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The former CEO of Bóthar has admitted misappropriating funds from the Limerick charity and has said he shared tens of thousands of euro in cash with two founding members of the organisation. 
David Moloney, who retired as CEO in February after eight years in the position, said he and the former CEO, the late Peter Ireton, misappropriated hundreds of thousands of euro in cash that the charity was led to believe went to nuns who work with the poor in Tanzania. 
Mr Ireton, one of the founders of Bóthar, died tragically in his home last week. On the same day Mr Moloney, who up to then had been denying any wrongdoing, admitted that he had been taking money from the charity known for its work with poor families in rural Africa and elsewhere. 
Frank Beatty SC,for Bóthar, said that Mr Moloney has also admitted that he “concocted” payments from Bóthar to a company in England in association with Billy Kelly, for the benefit of both men. 
Mr Kelly is another founder of the Limerick charity. He moved to England in 2003 and set up a charity there, Msaada, which was focused on helping people in Rwanda. 
Mr Moloney has now admitted that he got £36,000 from money that nominally went to the English company, and said Mr Kelly £40,000, the Bóthar chairman, Harry Lawlor, told the court in an affidavit.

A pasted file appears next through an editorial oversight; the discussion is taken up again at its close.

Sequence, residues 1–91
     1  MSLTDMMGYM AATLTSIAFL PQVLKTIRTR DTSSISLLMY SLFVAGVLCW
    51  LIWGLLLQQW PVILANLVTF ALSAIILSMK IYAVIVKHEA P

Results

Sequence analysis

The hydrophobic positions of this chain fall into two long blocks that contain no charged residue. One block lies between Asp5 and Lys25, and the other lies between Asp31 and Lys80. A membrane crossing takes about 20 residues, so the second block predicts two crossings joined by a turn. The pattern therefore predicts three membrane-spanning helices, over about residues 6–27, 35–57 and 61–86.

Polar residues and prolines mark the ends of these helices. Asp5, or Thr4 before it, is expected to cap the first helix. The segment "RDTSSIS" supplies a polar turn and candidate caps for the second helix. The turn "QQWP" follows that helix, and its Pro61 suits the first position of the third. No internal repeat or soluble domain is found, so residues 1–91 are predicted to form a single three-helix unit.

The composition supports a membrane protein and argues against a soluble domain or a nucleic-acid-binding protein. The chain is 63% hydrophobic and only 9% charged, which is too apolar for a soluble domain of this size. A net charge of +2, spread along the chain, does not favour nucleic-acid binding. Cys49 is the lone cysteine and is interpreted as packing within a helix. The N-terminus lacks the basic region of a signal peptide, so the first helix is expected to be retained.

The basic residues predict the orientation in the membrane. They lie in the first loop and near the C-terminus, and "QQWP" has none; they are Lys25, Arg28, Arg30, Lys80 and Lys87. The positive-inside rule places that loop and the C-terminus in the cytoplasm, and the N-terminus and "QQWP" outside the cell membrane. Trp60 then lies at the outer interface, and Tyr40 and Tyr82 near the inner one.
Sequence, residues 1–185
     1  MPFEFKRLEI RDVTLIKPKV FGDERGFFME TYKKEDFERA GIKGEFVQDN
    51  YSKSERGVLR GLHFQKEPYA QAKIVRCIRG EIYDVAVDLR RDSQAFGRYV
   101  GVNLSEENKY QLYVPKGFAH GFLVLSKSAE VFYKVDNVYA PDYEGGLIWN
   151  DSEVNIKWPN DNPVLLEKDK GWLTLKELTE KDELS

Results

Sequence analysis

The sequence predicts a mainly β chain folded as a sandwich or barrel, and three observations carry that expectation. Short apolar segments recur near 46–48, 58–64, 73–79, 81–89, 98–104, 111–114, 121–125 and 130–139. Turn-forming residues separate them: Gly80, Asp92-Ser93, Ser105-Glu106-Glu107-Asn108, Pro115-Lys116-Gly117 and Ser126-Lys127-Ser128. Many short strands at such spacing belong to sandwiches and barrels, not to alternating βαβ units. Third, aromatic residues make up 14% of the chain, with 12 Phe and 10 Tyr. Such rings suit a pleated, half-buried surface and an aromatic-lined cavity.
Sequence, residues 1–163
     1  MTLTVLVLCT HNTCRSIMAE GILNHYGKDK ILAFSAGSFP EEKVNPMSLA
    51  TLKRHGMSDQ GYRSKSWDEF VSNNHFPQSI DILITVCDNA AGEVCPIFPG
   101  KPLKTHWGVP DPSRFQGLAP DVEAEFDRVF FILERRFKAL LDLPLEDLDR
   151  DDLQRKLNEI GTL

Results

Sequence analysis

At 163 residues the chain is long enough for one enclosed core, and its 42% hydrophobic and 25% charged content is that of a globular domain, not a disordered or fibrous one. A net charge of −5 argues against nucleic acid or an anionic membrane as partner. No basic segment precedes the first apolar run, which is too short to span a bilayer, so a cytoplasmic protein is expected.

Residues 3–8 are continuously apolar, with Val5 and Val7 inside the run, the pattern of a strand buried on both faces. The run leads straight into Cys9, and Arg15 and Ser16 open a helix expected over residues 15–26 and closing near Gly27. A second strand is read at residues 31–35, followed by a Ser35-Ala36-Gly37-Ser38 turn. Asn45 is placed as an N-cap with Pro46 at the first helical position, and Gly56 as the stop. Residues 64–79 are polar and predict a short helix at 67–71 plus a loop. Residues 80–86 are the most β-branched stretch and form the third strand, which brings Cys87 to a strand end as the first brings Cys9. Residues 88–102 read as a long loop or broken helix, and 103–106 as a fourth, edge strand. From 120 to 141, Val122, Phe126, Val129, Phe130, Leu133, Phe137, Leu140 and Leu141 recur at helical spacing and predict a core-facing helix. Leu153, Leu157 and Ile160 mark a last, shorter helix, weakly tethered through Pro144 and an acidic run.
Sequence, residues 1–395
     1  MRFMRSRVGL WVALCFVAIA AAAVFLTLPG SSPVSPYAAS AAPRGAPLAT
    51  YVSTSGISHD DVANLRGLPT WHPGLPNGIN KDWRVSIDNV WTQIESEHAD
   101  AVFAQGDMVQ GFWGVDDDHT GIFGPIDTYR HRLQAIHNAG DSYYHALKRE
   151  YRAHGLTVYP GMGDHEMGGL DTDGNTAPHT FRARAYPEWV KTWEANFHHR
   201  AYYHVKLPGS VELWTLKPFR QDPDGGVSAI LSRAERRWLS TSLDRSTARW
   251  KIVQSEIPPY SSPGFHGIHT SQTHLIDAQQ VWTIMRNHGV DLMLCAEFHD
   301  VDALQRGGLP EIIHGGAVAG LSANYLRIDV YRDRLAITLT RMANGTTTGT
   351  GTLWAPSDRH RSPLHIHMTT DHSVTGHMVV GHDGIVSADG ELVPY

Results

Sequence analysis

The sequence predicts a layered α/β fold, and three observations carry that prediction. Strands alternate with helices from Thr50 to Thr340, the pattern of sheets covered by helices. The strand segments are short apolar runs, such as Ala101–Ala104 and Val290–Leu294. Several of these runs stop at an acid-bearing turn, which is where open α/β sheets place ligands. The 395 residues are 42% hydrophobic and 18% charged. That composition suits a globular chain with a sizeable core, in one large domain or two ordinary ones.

The court was told the latest assessment of the total amount that has been misappropriated from Bóthar is €769,000, up from the €465,000 the court was told about two weeks ago. Investigations are ongoing. 
Mr Moloney has said he wants to apologise to the charity and to make restitution, but the charity still has concerns, Mr Beatty told Mr Justice Senan Allen. 
The former CEO has not disclosed to the charity what he has done with the money, he said. 
“Given the enormous sums of money that Mr Moloney withdrew it is simply inconceivable that he does not retain a great deal of cash at this time,” he said. 
However the court heard that Mr Moloney’s position is that he spent the money on his lifestyle. 
He is now living on a social welfare disability allowance and has to pay a mortgage and car loans. He and his wife have two young children. 
He wants to use money that is his pension fund to pay restitution, but understands that his wife has an interest in what happens to his assets, including the family home that is in his sole name, the court was told. 
The allegations against Mr Moloney, of Clino, Newport, Co Tipperary, include that Bóthar funded a €10,000 hay shed on a farm he owns. 
The court heard Mr Moloney is asserting his right to pension funds from his work at Bóthar that could be used to repay the allegedly misappropriated funds, but Mr Beatty said the two sides were very much in dispute over the pension money. 
Mr Justice Allen directed that the freezing order against Mr Moloney’s assets be increased to €769,178, and that he swear a statement as to what Bóthar money was taken and his current assets, by May 4th next. He is also ordered to identify any third parties involved. 
The judge said the order did not apply to assets held by Mrs Moloney in her own name. 
He adjourned the case to June 2nd next, for mention. 
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